In the House of Representatives contests, of the 10 Republicans who voted for impeachment, only 2 survived. Four retired in the face of strong local opposition, while 4 were defeated in primaries — most notably Liz Cheney in Wyoming. Two other Republicans narrowly thwarted opposition from Trump supporters and will be returning to Congress. For the party, however, the limited purge bore a cost — the loss of Republican seats previously held by pro-impeachment Reps. Peter Meijer in Michigan and Jaime Herrera Beutler in Washington that both incumbents would have had a much better chance to retain.

In the House races, Trump endorsed hordes of Republican candidates, but the unique impact of his support is limited because most already held safe seats.

For the Senate, Trump was significantly involved in several intraparty contests. His ire was focused particularly on Lisa Murkowski of Alaska, who won both rounds of a complex new ranked-choice electoral system. Trump also worked to clear the party contest on behalf of a personal favorite in Georgia, Herschel Walker, who easily won a primary but then lost a general election runoff.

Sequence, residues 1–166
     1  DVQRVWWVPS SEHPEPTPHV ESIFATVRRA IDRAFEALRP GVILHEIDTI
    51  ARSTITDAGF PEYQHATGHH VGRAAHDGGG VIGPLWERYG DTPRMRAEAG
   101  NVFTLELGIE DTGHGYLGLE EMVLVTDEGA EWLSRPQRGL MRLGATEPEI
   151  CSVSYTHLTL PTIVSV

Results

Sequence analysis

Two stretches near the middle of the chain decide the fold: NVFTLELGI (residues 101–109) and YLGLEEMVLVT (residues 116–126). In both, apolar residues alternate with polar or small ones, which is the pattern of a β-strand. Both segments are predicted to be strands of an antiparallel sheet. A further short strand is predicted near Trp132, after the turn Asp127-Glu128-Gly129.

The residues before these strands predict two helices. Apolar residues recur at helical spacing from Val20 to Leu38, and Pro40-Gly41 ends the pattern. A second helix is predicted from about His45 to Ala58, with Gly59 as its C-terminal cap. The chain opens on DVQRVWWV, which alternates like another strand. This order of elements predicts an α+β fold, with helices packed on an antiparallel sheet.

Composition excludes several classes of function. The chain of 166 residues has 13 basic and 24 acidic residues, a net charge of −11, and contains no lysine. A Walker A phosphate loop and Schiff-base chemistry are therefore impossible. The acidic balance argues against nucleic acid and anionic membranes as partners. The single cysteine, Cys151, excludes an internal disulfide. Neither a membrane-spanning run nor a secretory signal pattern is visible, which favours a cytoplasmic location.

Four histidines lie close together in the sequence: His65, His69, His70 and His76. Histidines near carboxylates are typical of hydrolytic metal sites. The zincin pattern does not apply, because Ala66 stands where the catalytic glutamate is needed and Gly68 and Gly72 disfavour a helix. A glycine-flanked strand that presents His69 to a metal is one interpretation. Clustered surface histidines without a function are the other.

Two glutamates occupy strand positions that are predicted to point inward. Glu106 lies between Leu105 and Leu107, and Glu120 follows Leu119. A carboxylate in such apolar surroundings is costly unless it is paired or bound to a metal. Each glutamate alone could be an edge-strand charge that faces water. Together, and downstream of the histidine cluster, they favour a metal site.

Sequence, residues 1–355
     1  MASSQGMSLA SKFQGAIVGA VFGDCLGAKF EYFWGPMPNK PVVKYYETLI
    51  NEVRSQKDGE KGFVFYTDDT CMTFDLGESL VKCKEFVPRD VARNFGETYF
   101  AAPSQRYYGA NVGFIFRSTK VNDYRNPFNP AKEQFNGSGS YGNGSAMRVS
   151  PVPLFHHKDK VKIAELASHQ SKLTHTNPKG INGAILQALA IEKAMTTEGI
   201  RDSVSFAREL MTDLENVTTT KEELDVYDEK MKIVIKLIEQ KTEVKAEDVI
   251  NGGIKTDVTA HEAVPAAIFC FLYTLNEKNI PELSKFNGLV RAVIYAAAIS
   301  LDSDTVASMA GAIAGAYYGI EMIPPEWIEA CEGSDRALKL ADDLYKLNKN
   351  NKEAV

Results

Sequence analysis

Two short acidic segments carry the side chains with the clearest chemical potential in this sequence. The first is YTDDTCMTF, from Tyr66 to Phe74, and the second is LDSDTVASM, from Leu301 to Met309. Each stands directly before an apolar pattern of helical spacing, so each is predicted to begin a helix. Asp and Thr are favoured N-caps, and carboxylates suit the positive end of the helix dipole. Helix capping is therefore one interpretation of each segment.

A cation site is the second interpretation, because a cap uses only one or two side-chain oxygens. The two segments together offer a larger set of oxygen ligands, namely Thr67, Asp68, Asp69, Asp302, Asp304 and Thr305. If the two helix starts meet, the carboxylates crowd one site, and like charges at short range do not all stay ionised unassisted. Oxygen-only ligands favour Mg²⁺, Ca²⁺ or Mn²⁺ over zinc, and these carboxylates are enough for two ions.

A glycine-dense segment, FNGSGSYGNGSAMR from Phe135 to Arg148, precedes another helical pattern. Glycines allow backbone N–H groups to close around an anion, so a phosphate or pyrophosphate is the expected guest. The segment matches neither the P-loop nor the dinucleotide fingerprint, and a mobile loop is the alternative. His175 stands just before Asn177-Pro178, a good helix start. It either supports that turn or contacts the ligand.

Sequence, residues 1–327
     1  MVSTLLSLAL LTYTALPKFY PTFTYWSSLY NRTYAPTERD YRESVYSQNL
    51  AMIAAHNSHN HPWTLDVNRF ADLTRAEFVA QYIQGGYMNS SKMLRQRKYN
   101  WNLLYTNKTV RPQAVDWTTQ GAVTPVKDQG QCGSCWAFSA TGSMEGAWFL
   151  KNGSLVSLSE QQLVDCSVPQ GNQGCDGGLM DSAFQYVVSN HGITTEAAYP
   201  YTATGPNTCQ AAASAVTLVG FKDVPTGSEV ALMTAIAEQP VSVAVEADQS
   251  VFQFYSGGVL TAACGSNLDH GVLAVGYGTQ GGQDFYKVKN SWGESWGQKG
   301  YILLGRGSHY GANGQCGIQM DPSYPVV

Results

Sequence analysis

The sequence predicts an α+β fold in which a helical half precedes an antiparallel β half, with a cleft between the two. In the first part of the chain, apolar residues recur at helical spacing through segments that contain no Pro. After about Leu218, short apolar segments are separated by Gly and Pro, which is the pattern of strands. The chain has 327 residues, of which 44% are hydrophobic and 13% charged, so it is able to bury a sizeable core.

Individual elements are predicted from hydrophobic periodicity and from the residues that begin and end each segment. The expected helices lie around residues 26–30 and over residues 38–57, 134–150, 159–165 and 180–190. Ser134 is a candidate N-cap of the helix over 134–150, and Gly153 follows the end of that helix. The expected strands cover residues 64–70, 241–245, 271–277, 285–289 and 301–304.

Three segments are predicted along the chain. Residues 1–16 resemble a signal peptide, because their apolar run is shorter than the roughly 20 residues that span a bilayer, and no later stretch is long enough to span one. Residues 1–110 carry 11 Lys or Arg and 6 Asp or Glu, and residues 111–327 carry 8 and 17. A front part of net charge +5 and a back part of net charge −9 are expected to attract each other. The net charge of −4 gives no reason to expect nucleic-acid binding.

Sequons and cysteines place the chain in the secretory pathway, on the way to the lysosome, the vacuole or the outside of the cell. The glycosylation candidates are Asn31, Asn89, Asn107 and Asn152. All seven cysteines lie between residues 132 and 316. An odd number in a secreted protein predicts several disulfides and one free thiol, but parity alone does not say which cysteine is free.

In 2 Senate contests, Trump couldn’t make up his mind. In Alabama, he tentatively endorsed Rep. Mo Brooks, then withdrew his endorsement because of personal quarrels and Brooks’s struggles, then endorsed the preferred candidate of retiring Sen. Richard Shelby, who ended up winning the nomination and the general election. In Missouri, he endorsed 2 candidates, seemingly because they shared the first name of “Eric,” not distinguishing between Attorney General Eric Schmitt and disgraced former Gov. Eric Greitens. Both of the namesakes accepted the two-sided endorsement, with Greitens, according to CBS News, tweeting “Honored to have the support of President Trump! We will MAGA!” Greitens had ties to Donald Trump Jr. and Kimberly Guilfoyle (the younger Trump’s romantic partner). Eric Schmitt, the choice of establishment Republicans, won the primary and the general.

Trump’s preferences were clearer in some other party contests: Nevada and North Carolina as well as Arizona, Ohio, and Pennsylvania. In the latter trio of states, his picks gained plurality primary victories, edging past more conventional candidates. These contests were Trump’s most prominent efforts to demonstrate his personal continuing appeal to the Republican mass base.